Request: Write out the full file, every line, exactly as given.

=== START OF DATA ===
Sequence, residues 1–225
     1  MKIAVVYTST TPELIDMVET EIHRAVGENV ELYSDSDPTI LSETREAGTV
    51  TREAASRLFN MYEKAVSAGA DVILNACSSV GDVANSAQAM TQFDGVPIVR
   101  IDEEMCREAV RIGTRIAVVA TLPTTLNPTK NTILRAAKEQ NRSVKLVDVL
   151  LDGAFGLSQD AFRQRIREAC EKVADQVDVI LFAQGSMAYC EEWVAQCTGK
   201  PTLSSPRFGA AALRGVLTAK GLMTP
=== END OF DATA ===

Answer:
Sequence, residues 1–225
     1  MKIAVVYTST TPELIDMVET EIHRAVGENV ELYSDSDPTI LSETREAGTV
    51  TREAASRLFN MYEKAVSAGA DVILNACSSV GDVANSAQAM TQFDGVPIVR
   101  IDEEMCREAV RIGTRIAVVA TLPTTLNPTK NTILRAAKEQ NRSVKLVDVL
   151  LDGAFGLSQD AFRQRIREAC EKVADQVDVI LFAQGSMAYC EEWVAQCTGK
   201  PTLSSPRFGA AALRGVLTAK GLMTP